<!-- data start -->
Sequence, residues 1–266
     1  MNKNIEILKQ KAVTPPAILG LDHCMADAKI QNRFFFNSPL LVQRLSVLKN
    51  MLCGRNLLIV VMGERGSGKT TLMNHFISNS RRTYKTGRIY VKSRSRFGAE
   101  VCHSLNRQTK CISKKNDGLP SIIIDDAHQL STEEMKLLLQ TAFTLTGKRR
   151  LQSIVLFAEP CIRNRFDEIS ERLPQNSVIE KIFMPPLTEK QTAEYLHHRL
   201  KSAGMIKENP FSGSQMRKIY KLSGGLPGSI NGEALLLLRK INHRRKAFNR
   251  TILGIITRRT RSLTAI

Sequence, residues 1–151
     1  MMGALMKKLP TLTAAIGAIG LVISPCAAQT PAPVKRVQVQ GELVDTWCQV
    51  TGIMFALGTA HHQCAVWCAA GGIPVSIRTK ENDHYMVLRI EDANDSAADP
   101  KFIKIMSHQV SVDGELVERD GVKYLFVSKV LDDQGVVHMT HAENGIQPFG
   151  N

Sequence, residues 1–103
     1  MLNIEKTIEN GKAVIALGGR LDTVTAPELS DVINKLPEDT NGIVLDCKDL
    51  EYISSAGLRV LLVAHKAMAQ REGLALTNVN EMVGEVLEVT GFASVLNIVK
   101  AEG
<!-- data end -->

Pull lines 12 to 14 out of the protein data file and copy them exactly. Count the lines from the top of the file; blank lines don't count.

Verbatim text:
   151  N

Sequence, residues 1–103
     1  MLNIEKTIEN GKAVIALGGR LDTVTAPELS DVINKLPEDT NGIVLDCKDL